Biryani is more popular than cricket in Hyderabad, admits Hyderabad Cricket Association (HCA) President Arshad Ayub during a conversation with S M Fasiullah. Being a seasoned cricketer who played for the country, Mr. Ayub aims to send as many cricketers from Hyderabad to play for Indian Cricket Team. Apart from his vision to make cricket more accessible in the city, he advises young cricket aspirants to develop serious commitment to play for the nation.
HYM: Does youngsters in Hyderabad have as much craze for cricket as they have for biryani?
Cricket has always been a passion of Hyderabad. It has been very popular in the city. We have about 217 clubs. This year alone HCA conducted 4700 matches, which is unheard of elsewhere in India.
When it comes to biryani, who doesn’t love Hyderabadi biryani. I think biryani is loved by everyone, whereas cricket is a very popular game and is loved by many people interested in the game.
HYM: Now technology brings sports information on fingertips. In your early days as a cricketer, this technology wasn’t available. Does it make way to success shorter for cricket aspirants?
No. I don’t think so. There’s no short-cut to success. But one thing is certain, nowadays if you are a good enough player and consistent in your performance then you would get better opportunities. Like IPL and World20 Twenty. New tournaments have been started in T20 format, which give early exposure to players as young as under 19.
Also, the IPL teams have to take least one or two under 19 players. It opens up new avenues for financial success of young players. The money which has come in play is a such a big incentive and a huge attraction. These things will be a definite motivating factor for young cricket.
When we were playing, the only aim was to play for the country and the state. We knew that there’s no money. Initially, when i started playing for the state i was paid Rs. 100 per match. Towards end of my Ranji Trophy career, i use to get Rs. 600.
Nowadays, young under 19 players get thousands of rupees per match. That’s probably only one part of incentive which they are getting. Apart from this, if you are a good player and performing well, then sky is limit.
Also, we played for a country with almost 100 Crore people. Now the country has over 120 crore people, who would cheer for players playing for Team India. That’s another incentive.
HYM: What’s the best moment of your career as a young cricketer of 80’s?
I started in 70’s. I played my first Ranji Trophy match in 1979 for the state. But in 80’s, I would say nothing was bigger than playing for India in test cricket. That was the biggest moment in my life.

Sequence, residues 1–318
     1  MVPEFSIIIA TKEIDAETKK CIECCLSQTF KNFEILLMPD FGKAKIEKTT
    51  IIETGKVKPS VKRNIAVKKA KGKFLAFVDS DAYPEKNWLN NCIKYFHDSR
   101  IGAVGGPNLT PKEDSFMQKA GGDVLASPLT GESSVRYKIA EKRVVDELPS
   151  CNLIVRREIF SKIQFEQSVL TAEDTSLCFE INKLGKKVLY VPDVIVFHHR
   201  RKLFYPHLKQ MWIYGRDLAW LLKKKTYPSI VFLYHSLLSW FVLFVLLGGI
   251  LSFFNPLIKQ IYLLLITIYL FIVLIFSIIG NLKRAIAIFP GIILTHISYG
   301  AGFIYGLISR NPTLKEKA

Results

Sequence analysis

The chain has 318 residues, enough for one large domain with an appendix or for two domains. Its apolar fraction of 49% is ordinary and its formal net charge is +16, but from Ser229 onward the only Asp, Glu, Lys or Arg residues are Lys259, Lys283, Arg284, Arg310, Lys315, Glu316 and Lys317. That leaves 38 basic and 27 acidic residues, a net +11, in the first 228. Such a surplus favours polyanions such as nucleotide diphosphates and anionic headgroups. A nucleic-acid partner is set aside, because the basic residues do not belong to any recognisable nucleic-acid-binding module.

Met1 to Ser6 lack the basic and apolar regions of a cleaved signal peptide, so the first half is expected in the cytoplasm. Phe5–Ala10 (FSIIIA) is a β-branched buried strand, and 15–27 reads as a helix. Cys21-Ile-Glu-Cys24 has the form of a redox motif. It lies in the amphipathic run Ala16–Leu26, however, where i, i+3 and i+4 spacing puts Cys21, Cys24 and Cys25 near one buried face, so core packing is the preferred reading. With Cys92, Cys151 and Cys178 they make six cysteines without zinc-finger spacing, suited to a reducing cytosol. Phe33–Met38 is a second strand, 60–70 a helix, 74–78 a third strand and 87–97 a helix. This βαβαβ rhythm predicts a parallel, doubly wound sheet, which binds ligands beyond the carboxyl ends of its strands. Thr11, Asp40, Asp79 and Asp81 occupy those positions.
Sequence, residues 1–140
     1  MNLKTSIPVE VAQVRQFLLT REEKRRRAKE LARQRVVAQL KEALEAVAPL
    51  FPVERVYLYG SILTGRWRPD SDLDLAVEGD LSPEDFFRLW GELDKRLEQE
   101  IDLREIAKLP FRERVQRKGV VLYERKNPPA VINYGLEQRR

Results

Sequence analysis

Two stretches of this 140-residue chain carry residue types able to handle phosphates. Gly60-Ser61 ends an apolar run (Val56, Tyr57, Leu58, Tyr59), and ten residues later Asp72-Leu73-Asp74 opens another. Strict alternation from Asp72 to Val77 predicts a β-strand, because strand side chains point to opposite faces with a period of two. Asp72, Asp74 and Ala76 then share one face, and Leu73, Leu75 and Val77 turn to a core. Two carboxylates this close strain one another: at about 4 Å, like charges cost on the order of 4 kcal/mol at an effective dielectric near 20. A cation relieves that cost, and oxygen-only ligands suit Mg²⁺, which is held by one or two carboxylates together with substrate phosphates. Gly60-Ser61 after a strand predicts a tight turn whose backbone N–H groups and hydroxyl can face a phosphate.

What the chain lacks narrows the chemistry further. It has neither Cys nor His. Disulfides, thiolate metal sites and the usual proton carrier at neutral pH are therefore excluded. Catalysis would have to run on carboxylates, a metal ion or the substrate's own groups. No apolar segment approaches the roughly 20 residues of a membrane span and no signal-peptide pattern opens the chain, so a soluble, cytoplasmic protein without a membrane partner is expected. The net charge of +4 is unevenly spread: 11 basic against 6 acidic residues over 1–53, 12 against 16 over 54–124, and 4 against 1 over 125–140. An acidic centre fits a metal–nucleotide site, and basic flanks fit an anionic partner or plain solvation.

HYM: People had more craze for test cricket then, as they have for T20 now?
You ask any cricketer, he would like to play test cricket. Test cricket has its best form of cricket. There will be so many international cricketers who haven’t made to test cricket. If you ask them they would do anything to play it. Still test cricket is considered as “the cricket” among cricketers. But for public and spectators it is different. They enjoy T20 and ODIs more.
HYM: You are a cricket inspiration for many in Hyderabad. What are prerequisites for a cricket aspirant to get your guidance?
As far as cricket is concerned, it is a serious game for me. To play any game is a serious commitment. You have to have a very serious commitment, if you want to play for the country. If you just want to play for fun, then you can do anything.
If you are trying to play for the country then it’s a very serious proposition. You have to sacrifice so many things before you can achieve that.
Today, I hardly see any young boys who are playing for the state making same commitment as we did earlier. And these people are serious cricketers, but unable to make that commitment. In order to play for the country, you need to make certain adjustments in your life and lifestyle. It’s a life changing program. Once you do that, hard work will definitely take you there.
HYM: How many players trained by you have made it to Ranji Trophy cricket?
There are quite a few actually. From my academy i.e. Arshad Ayub Cricket Academy, Ibrahim Khaleel played for a long time. Mehdi Hasan, Ahmed Quadri, Tanmay Agarwal and Himalay Agarwal are names worth recalling here.
Irrespective of any academy you belong to, if you have commitment and impressive performance then I think you would be able to realize your dream to play Ranji Trophy.
HYM: Under the aegis of HCA, how many young cricket aspirants gets professional training every year?
There are different age groups. We start right from under 14, under 16, under 19, and under 23. Then we have Ranji Trophy, and we also have a tournament which comes under 25. So all these people have to go through training programs time and again.
Cricket training is a comprehensive program. We run two morning sessions, one at Uppal and other at Gymkhana, where close to 300 boys come for regular practice. We have got camps in districts. We also help a few cricket academies in the city, including at Malakpet, Deccan College, and Madhapur. If you take all these into consideration then probably 2,000 to 2,500 boys get training a year with HCA’s direct involvement. And everything is free from the HCA.